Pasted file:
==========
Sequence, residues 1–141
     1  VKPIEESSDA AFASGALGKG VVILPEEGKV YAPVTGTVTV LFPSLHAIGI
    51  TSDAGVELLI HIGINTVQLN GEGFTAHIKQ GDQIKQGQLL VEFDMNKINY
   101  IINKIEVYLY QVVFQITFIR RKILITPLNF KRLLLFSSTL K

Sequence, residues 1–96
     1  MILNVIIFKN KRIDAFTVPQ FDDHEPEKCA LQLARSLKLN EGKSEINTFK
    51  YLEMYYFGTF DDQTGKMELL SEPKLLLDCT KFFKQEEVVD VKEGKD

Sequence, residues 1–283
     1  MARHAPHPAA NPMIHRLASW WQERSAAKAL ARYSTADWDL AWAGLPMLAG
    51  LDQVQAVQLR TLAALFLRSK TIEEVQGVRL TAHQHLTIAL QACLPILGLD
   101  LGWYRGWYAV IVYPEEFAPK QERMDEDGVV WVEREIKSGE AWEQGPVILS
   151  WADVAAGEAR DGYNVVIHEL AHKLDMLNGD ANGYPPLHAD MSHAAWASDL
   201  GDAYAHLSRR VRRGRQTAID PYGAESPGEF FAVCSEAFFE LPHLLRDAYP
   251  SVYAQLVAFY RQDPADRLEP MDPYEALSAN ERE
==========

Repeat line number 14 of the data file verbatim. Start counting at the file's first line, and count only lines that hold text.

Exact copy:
   251  SVYAQLVAFY RQDPADRLEP MDPYEALSAN ERE